Mayor Richard M. Daley famously wants to make Chicago the greenest city in America. By one measure, he’s done it.
Chicago now has more certified green buildings than any other city in the country, according to figures I received yesterday from the U.S. Green Building Council.
The council reports that 88 projects in Chicago have earned Leadership in Energy and Environmental Design (LEED) certification.
Portland, Or. was next with 73 LEED buildings and Seattle third with 63.
New York was 7th with 46 and Los Angeles 9th with 40.
The only small city in the top ten was Grand Rapids, Mich., which ranked 8th with 44.
Projects gain LEED certification by scoring points in a system devised by the council. Points are awarded for a variety of features, including enegy-saving building systems, water conservation and proximity to public transportation. Architects and others have criticized the system, however, and a recent New York Times story detailed how some LEED buildings do not live up to their green billing.
In late 2007, Chicago had 27 LEED-certified buildings, ranking behind Portland and Seattle.
The rankings are current through the end of August, according to Ashley Katz, a spokeswoman for the council. Through mid-September, Chicago has 92 LEED-certified buildings, she said.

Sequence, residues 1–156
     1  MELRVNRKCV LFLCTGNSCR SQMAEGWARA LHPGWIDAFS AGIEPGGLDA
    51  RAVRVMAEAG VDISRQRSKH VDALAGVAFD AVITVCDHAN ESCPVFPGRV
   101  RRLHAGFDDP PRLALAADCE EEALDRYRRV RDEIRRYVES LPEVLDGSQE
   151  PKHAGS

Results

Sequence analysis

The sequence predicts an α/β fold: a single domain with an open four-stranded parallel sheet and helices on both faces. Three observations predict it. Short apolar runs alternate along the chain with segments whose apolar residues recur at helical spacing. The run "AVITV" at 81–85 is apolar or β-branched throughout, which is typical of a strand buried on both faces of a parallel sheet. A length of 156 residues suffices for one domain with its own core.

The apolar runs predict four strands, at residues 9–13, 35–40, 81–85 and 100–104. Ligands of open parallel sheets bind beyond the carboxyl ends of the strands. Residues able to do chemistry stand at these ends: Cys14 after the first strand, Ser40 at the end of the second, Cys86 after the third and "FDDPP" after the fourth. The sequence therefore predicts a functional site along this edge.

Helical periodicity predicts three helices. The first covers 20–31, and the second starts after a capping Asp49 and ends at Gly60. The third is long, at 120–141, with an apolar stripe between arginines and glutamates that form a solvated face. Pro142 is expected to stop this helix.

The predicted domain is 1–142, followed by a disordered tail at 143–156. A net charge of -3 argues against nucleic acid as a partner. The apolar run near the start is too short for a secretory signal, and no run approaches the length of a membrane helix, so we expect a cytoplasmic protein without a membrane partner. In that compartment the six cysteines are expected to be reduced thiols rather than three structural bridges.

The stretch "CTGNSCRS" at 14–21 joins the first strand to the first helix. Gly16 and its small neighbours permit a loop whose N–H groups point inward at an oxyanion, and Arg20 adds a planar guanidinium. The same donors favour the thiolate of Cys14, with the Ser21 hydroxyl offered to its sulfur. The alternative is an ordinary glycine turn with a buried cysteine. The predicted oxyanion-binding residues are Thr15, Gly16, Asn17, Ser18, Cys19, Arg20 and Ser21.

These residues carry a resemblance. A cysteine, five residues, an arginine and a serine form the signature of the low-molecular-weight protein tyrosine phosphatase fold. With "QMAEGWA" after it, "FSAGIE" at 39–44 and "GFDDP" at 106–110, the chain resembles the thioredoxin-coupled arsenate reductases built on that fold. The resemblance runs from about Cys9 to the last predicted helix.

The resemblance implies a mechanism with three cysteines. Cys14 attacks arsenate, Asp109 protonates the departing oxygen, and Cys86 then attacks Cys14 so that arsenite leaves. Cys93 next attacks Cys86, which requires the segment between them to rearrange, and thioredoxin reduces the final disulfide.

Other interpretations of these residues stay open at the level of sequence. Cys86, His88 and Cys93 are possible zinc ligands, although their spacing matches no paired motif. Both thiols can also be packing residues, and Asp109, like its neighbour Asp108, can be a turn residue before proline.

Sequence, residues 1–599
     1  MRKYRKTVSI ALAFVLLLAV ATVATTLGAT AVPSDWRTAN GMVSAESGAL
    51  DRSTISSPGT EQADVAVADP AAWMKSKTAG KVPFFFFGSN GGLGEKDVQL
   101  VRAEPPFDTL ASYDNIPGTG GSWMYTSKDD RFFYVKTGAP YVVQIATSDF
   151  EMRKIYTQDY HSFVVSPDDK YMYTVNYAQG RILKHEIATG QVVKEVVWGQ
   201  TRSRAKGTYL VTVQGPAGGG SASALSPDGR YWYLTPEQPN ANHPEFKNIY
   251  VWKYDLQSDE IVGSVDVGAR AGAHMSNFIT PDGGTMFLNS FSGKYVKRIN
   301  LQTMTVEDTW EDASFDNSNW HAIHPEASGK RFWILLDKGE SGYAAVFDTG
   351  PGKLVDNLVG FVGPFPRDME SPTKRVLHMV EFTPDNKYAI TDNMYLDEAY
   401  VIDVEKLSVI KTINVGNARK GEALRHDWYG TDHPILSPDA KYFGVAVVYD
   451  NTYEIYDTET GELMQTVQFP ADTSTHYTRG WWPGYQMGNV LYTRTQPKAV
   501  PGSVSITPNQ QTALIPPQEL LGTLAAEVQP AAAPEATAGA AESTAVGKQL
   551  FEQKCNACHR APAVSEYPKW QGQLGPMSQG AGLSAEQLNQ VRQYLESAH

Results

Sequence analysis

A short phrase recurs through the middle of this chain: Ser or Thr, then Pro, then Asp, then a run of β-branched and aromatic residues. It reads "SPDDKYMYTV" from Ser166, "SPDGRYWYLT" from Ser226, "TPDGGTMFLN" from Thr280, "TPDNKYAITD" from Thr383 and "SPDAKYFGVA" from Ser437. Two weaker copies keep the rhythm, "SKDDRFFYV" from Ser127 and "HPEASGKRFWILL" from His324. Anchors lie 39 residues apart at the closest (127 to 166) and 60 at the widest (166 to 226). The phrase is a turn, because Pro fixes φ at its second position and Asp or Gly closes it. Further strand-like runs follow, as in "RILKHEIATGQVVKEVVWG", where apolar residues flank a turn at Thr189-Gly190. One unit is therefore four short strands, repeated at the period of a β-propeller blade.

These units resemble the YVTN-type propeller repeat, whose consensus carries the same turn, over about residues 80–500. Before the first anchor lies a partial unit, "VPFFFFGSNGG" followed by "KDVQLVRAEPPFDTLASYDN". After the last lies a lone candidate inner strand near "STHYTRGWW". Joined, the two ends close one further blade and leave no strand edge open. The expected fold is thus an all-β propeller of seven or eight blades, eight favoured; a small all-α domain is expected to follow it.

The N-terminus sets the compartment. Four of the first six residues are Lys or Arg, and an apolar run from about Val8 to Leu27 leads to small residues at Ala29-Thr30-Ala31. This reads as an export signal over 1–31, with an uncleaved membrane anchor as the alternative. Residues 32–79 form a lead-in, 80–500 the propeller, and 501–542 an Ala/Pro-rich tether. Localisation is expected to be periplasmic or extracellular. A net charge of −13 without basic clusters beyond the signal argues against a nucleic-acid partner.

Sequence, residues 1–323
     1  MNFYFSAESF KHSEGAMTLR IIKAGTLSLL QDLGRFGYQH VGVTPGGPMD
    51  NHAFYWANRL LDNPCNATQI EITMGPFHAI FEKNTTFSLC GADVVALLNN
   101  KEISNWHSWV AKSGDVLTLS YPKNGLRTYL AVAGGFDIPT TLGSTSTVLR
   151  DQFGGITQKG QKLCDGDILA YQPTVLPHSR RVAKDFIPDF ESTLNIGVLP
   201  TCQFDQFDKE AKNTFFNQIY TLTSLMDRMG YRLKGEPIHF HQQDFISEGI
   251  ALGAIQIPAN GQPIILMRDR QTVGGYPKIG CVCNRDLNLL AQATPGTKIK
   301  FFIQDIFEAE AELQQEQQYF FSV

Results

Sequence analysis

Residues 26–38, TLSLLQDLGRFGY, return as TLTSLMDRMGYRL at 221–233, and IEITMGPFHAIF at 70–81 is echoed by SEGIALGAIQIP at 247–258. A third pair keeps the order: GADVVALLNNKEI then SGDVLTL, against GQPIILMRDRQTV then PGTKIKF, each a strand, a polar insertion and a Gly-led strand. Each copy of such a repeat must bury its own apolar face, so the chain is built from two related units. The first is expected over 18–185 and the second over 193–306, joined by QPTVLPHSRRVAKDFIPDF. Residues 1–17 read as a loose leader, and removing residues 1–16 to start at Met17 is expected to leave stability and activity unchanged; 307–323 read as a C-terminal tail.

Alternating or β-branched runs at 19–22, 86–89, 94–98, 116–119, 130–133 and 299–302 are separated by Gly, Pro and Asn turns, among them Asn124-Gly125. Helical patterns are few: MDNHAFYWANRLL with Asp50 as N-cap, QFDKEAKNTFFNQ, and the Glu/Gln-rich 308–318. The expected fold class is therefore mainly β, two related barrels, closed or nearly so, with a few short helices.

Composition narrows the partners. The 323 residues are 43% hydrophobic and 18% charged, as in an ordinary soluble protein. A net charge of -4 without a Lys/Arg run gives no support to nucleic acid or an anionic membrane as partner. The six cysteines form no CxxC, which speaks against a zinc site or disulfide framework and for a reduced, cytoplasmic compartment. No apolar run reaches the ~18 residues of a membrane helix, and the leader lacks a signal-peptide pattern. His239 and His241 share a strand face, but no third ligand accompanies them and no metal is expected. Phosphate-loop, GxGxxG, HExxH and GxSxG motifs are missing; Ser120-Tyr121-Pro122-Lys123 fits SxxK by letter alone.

Among Chicago’s LEED-rated buildings are the McCormick Place West Building and the city’s new FBI Building.
Daley has been a vocal advocate of green architecture. Years ago, Chicago’s City Hall was outfitted with a lushly-planted green roof (above). The city requires new public buildings to achieve LEED certification. In addition, public and private projects receiving city assistance must either have a green roof or pursue green building certification.
Daley has also been criticized for his environmental record, however, most notably over the failed blue bag recycling program.
Chicago also ranked high in the category of projects registered for LEED certification. Registered projects are not completed but are either in a conceptual phase or under construction. Their developers register with the council with the intent of gaining certification upon completion, Katz explained.
In the registered ranking, New York City was first with 550 and Chicago second with 499.
The council also ranks states by registered projects. California easily leads with 3449, followed by New York with 1546. Illinois was sixth with 936.
Following are the top 10 U.S. cities, ranked by LEED certified buildings:
2. Portland, Or.–73.
4. Washington, D.C.–57.
6. San Francisco–50.
7. New York City–46.
8. Grand Rapids, Mich.–44.
9. Los Angeles–40.
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